20 May Rockin’ Grandma Lynda Kraar Shares Six Ways to Get Out of a Musical Rut
Interview by Rew Starr; Edited by Marisa Torrieri Bloom
One possible silver lining to the last two years is the surge in creativity. Many of us learned new skills, played new instruments, and made new Zoom friends we otherwise wouldn’t have met. Yet it’s hard not to feel the latent effects of stress that’s embedded itself into our collective psyche.
#1: Move to where your “people” are
#2: Don’t be afraid of branching out
#3: Embrace the challenge of doing unexpected musical projects
#4: Invest in Continued Education
#5 Travel far and wide with music
I’ve played everywhere from Russia to Poland to Israel to St Maarten to all over North America and even on the high seas. One big adventure was when I had a hospital gig in central Israel where I played in the brain surgery ward, where there were Israeli and Palestinian kids and their parents. That was so tough – but when the parents saw the kids were happy, the parents were also happy. That experience made me grateful. I understood that I must not waste the gift of my music. It helped me later in life when I became a music volunteer for Musicians on Call, an organization that coordinates musicians to sing at the bedside in hospitals and other health care facilities.
One of my other fondest memories is when my late husband, Marty Kraar, insisted that I go to Djangofest in Samois Sur Seine (France). He bought me the ticket, and, in the summer of 2010, just a few months before he passed away, I went off to France.
Yes, I cried the whole time in the plane. But when I got to the airport, I met up with the guys who had convinced me to come – Alain LeGrand from Dundee (Scotland) and his Hot Club. They drove me to the campground, an hour north of Paris, and brought me to my host, Menno van der Reijden, one of the most beloved and well-known unofficial “fathers” of Djangofest. From that moment on, the guitars came out and the jams were literally all night long. Hundreds of people from all over Europe and beyond, the Reinhardt family members, the Manouche and Sinti Gypsies who drove over in their caravans and were so warm and friendly. Everyone and their kids were excellent musicians.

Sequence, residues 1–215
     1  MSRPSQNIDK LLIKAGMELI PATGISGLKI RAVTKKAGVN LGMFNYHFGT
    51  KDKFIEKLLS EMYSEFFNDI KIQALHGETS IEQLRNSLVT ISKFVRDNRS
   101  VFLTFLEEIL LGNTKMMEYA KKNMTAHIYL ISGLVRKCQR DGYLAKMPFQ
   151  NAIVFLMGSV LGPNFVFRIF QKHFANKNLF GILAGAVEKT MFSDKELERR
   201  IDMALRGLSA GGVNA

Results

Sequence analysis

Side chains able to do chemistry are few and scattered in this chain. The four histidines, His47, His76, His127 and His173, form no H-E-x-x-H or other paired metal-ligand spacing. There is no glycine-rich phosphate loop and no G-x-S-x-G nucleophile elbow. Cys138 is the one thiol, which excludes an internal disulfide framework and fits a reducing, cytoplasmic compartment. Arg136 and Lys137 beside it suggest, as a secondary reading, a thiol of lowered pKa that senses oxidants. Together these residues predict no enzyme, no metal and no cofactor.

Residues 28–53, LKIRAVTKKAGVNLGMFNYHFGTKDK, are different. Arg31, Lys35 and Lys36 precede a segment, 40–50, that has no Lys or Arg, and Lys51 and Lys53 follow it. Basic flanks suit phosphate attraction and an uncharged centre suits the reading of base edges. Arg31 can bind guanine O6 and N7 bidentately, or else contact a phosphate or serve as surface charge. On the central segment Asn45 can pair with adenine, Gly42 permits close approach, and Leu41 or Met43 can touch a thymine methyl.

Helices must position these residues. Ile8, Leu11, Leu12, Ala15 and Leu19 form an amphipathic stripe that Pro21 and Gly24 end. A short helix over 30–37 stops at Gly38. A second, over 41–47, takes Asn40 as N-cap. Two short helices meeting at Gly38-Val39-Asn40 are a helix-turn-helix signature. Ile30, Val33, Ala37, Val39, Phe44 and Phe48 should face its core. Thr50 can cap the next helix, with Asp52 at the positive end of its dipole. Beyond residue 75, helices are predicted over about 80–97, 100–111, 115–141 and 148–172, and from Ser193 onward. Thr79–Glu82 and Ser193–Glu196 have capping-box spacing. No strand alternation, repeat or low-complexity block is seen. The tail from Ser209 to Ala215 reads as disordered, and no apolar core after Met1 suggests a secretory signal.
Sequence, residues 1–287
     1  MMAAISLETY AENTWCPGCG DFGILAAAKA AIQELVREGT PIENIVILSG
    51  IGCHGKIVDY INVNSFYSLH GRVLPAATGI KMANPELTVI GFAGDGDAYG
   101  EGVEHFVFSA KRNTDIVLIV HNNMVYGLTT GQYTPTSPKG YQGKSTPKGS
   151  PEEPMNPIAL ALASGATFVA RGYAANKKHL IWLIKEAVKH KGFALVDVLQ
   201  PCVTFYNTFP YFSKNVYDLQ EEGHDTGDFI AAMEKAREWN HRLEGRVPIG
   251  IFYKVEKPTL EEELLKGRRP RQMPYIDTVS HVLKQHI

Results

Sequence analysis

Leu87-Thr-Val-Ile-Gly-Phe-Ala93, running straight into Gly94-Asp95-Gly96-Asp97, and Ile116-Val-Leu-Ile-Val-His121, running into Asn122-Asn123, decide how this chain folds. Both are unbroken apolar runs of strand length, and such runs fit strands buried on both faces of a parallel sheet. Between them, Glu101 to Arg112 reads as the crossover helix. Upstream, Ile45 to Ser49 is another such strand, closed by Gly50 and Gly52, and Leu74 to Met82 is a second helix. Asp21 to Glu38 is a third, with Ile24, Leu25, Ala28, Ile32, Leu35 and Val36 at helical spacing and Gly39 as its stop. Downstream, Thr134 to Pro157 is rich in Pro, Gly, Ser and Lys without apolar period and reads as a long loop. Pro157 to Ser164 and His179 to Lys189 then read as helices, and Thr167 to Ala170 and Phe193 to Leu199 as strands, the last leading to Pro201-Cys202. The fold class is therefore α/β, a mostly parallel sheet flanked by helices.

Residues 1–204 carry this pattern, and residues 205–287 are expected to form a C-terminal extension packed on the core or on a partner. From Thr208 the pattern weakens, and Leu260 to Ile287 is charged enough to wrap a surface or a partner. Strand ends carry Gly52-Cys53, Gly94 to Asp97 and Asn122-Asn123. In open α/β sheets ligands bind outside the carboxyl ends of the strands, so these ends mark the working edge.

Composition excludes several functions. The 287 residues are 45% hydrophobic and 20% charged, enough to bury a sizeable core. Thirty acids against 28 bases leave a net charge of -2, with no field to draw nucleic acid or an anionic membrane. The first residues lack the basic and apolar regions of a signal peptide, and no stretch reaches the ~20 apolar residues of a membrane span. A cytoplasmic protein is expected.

Most of the Gypsies I befriended were children of Holocaust survivors. Some brought along their parents who had numbers tattooed on their arm from the camps. Between their German, Dutch, Romani, and French and my Yiddish, we made out amazingly well, sharing so many stories and songs. We’ve all stayed friends and have even visited each other. It was magical. I would love to go back!
#6: Go back to the experiences that brought you joy
[My husband] Jaime is working in the studio on some new material that sounds KILLER! And in our band project, we are actually making ‘old’ music. We have revived the Palisades All-Stars in Toronto (our band from New York) and we are sticking to a song list that only goes up to 1978. We share the vocals, and I am mostly playing my seafoam green Jimmy Vivino Custom Shop Fender Esquire with the Bigsby arm. These are the songs that resonate with our audiences, young and old. And we love playing them. So it’s a win/win. And there’s this: I’ve started playing music for the grandbabies, which is a real joy, to be in a place where you can see the full circle coming around.
Rew Starr is an actor, musician, and mother who lives in New York City.
Marisa Torrieri Bloom is the founder and editor of Rockmommy.